Killer Frequency is a first person adventure game set in the magical ‘80s. With its intriguing premise, daft plot, and copious amount of black comedy, I knew I would be more than happy to put Tears of the Kingdom down for a bit to experience some murder solving hijinxes. 

In Killer Frequency, you take on the role of the fantastically named Forrest Nash, a one time legendary radio host who is living out the rest of his career hosting a late night radio show for the small American town of Gallows Creek. Alongside Forrest is his producer, Peggy, a lifelong citizen of the town, and they are both in charge of the station KFAM for the night.

On this particular evening, Forrest’s show “The Scream” starts in the normal way, but things quickly take a turn for the worse when he receives a call on air from a local policewoman. They declare the sheriff has been murdered, and they have to leave town to fetch help. She reroutes 911 to Forrest and Peggy and asks them to help anyone who may be in trouble.

It’s not long before Forrest learns that a serial killer is on the loose and is seemingly taking out random people to satisfy their urge, and it’s up to him and Peggy to help the citizens of Gallows Creek survive the night and wait for the cavalry to arrive. 

It’s not long before calls start coming in from potential victims. They could be in numerous dangerous situations that they will need help with. It could be someone being chased around a maize maze, or someone trapped in a car with the killer just outside. The majority of these puzzles will require you to leave the studio and explore the station to find items that might aid your quest; it could be a map, instructions on how to hotwire a car, or security alarm codes. 

Once you have the information, you have to relay the right instructions or information over the phone. Get it right, and the person will escape and survive; get it wrong, and that person gets it. The twist is that if you do not succeed in saving someone, you just carry on. There’s no game over screen; there’s no reloading from the last save point; that person is gone, and you move on with the rest of the show.

This really adds some jeopardy to the game, and I found myself invested in trying to save these people from these life ending scenarios. I didn’t want them to die, and when I got it wrong, I was genuinely gutted. Not just for myself but for the actual person too. It is a welcome feature and also helps increase the replayability of the game.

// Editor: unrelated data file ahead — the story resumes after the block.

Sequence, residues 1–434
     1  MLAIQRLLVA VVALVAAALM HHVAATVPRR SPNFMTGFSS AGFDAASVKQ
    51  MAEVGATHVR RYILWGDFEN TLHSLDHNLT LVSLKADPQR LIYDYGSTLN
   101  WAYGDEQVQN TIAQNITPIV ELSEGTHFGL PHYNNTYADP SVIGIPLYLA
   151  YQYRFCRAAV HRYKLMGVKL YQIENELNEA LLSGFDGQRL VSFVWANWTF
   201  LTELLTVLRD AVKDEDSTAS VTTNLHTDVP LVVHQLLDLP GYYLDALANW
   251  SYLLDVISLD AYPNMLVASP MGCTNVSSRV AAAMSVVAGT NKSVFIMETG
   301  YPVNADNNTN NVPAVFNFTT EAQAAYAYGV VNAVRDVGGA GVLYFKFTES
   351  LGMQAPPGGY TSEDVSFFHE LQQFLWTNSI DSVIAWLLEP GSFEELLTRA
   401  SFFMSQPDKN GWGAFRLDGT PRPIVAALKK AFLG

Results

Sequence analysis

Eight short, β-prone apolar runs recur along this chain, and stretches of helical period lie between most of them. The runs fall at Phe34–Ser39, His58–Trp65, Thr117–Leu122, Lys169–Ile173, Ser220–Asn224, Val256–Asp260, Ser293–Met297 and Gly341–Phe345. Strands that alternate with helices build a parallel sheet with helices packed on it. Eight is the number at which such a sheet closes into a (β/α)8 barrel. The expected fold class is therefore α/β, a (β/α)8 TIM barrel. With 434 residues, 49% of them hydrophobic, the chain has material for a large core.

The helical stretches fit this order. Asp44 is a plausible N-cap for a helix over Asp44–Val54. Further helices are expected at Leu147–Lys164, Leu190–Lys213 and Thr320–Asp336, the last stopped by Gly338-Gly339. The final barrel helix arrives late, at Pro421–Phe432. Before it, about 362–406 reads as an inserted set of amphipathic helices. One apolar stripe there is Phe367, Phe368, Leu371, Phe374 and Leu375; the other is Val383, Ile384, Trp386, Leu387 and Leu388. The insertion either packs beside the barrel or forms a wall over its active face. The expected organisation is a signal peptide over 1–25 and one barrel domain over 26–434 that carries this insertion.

The dialogue is all well written in Killer Frequency, connecting you to the characters and world beautifully, and you find out much about them as you go through the game, especially between Forrest and Peggy. They are always chatting between records, with Peggy becoming Forrest’s rock in helping to complete the tasks and giving compassion to the people in these potentially life ending situations. Killer Frequency can get quite heavy in its dialogue at times, but the voice acting helps make this and, in fact, all the dialogue in the game a lot of fun.

Of course, not everything is perfect, and one of my biggest gripes with the game is the finicky controls. They do eventually click, but that first hour trying to get to grips with them was slightly frustrating. In the middle of your screen, there is a crosshair for you to line up to whatever you want to interact with, but with some being small buttons, it can take a while trying to line it up through the sensitivity of the camera. This can be turned down in the settings, but then it affects the exploration part of the game as it will take a while to change directions. The other annoyance is that you can’t interact with the dialogue boxes in the same way as everything else, instead opting for the d pad buttons to choose your selection. This leads to confusion as you naturally go to select your answer by using the crosshair on the screen and end up choosing the answer you were not planning to use. This led to further frustration, and even two to three hours in, I still felt the urge to answer using the crosshair. If there was one feature to add to the game, please let it be this one! 

But, these are minor quibbles, and one area in which Killer Frequency gets it just right is in the visuals. The game is perfectly themed to fit the era it is based in, and the cel shaded graphics go great with that too. The studio itself is filled with everything you would expect to see. Heavy equipment adorns the corners on one side of the room, with shelves of vinyl on the other. Your desk is suitably equipped with all the technology you would need. Your trusty mic, buttons to accept calls, a record player, and a tape machine for you to play commercials with. You can leaf through your vinyl box to choose which song to play next, and there is a never ending supply of scrunched up paper for you to throw into the bin across the room during those heavy dialogue sections.

The music itself is fine. Covering many genres, there is a great selection, but I never fell in love with any particular track, and I never once had that feeling of looking the soundtrack up on streaming services. But it does the job it’s intended for just fine.



I had a lot of fun with Killer Frequency. It makes you feel like you are right in the thick of a classic ‘80s horror slasher flick. The twist of being a radio DJ stuck to his desk was inspired, with many of the puzzles being well thought out and interesting. The controls can be an issue at some points, but it’s not enough to make you not want to play to the satisfying conclusion of the plot. You may want to stay clear if a heavy, wordy game is not for you, but if you do decide to help the citizens of Gallows Creek, then you are in for one hell of an evening!

Killer Frequency

Release Date: 1st June 2023

Platforms: PC, Xbox One, Xbox Series S/X, Nintendo Switch, PS4, PS5 & Meta Quest 2

Price: £19.99 (PlayStaion), £20.99 (All other platforms)